We headed back upslope to the pilings where my little pal had been the previous three dives. But I had an empty feeling approaching the piling, and my instincts were right. No,  the little DecoWar was not there. But as there was plenty more Metridium in the area, I was back on the hunt. And pretty soon I found not one, but two more Warbonnies. They were next to each other — one hiding in a hole, the other wedged in amongst the wood and Metridium. Poof, Poof, Poof, went the strobes as I blinded these guys relentlessly in my complete and total obsession with getting one good photo.

So, are you dying to find out?

On this day, I got my best so far. It is still not perfect. But it is probably as good as I will ever get at Cove 2 with the camera I am using.

July 12. As good as it’s gonna get.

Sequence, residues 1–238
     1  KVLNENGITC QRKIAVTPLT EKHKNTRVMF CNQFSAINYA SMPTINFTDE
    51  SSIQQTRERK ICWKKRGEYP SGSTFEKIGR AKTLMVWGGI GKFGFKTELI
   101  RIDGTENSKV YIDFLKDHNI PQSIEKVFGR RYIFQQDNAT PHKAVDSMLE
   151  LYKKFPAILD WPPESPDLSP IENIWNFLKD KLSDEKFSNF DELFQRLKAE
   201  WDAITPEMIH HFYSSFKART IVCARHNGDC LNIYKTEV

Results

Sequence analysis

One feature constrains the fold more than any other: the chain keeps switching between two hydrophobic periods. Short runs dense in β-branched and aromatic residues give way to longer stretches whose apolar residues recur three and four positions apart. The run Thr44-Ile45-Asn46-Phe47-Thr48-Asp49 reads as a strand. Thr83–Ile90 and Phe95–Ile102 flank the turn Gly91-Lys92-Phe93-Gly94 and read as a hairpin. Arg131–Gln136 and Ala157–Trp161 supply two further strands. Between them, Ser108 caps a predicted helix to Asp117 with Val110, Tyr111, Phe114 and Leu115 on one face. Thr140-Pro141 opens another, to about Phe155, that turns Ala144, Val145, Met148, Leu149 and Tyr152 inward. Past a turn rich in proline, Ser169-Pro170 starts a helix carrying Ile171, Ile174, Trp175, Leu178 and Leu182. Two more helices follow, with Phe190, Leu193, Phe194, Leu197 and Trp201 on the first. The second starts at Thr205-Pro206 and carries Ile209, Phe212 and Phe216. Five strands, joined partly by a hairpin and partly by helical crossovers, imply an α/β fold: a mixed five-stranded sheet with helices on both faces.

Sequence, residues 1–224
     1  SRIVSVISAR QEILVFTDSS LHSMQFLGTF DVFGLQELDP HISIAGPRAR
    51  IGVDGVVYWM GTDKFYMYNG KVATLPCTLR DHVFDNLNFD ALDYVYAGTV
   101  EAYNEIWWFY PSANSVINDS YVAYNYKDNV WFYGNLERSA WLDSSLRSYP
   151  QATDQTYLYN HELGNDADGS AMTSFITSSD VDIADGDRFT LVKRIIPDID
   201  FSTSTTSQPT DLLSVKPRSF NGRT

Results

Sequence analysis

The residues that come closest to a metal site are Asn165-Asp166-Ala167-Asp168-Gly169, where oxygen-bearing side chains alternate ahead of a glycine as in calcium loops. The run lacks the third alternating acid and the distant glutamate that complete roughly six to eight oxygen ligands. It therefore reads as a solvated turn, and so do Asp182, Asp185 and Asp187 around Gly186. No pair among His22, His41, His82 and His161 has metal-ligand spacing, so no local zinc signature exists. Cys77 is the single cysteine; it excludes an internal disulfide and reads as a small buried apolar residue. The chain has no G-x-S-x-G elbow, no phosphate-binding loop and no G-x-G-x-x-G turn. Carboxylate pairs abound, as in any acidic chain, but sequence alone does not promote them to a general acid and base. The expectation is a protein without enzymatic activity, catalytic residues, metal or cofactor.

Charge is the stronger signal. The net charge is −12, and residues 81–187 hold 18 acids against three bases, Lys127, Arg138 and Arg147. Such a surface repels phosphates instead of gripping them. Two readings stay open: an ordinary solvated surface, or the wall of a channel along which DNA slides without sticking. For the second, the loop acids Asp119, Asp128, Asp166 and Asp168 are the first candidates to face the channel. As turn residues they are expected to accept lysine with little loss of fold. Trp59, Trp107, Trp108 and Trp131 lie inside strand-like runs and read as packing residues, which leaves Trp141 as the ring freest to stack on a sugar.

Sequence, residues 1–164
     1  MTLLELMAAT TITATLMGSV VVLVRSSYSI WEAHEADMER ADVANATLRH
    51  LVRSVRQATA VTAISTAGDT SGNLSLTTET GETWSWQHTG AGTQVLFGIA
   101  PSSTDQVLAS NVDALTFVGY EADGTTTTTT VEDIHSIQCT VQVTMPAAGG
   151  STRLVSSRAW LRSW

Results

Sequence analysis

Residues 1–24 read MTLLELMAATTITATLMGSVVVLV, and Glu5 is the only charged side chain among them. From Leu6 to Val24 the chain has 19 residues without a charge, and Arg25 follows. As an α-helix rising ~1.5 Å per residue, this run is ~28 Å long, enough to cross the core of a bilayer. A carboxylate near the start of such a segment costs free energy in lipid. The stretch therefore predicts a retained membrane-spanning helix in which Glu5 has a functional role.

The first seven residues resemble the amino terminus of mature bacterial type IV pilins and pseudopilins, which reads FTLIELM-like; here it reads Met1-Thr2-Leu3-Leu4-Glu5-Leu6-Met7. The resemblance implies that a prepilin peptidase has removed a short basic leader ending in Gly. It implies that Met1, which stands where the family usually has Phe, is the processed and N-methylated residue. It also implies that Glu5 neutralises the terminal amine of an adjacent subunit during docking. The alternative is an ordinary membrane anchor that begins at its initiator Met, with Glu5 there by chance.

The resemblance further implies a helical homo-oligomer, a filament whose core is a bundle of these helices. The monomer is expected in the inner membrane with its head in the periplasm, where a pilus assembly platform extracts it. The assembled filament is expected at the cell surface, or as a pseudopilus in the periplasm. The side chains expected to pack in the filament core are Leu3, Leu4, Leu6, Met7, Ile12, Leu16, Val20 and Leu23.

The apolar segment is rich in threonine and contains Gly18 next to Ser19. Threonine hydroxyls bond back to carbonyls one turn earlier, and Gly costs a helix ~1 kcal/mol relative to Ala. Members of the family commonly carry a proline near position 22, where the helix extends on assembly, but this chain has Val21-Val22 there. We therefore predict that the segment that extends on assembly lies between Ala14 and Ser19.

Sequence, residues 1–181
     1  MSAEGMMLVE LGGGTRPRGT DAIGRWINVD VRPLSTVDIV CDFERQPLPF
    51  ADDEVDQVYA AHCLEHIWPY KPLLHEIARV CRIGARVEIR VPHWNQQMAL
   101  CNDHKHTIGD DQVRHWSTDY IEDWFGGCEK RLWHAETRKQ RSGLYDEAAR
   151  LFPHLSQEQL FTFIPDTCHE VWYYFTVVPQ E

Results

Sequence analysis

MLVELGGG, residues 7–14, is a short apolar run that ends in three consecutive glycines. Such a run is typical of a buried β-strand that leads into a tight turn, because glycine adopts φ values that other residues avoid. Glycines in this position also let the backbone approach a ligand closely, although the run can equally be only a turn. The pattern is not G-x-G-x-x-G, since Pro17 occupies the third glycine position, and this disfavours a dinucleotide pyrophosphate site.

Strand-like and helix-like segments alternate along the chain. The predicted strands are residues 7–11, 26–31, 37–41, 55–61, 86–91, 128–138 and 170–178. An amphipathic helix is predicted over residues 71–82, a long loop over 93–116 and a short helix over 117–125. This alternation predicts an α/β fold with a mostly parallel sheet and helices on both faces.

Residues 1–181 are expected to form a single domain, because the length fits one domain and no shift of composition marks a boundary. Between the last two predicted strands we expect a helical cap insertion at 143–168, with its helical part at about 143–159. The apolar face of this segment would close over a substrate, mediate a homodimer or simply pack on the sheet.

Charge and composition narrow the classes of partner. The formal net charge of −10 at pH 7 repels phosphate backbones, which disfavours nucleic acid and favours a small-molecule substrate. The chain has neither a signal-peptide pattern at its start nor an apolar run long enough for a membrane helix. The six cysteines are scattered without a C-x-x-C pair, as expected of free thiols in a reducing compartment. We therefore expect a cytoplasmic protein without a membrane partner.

July 12. As good as it’s gonna get.

Epilogue: I returned the next day, July 13, to Cove 2 with yet another buddy (Bobby), but it was like going back to base camp from the top – no, not even that. It was like nothing at all. I barely even searched for the Raters. And in fact I didn’t see much at all. Which was fine. I felt like I was being let out of rehab. No, that’s not right; rehab implies one is rehabilitated. Spiny lumpsuckers, here I come…


About Jen Vanderhoof

I'm Jen Vanderhoof. I’m an ecologist with a wildlife background, and I spend a lot of time outdoors near water looking for signs of beavers and, when I'm lucky, photographing beavers. I am also a birder, scuba diver, and accordingly bird, nature, and underwater photographer. I write and draw, and I also enjoy carving beaver-chewed wood. I hope to spread the understanding, acceptance, and love of the most incredible animal species I know, the beaver.
This entry was posted in Uncategorized. Bookmark the permalink.

Leave a Reply

Fill in your details below or click an icon to log in: Logo

You are commenting using your account. Log Out /  Change )

Facebook photo

You are commenting using your Facebook account. Log Out /  Change )

Connecting to %s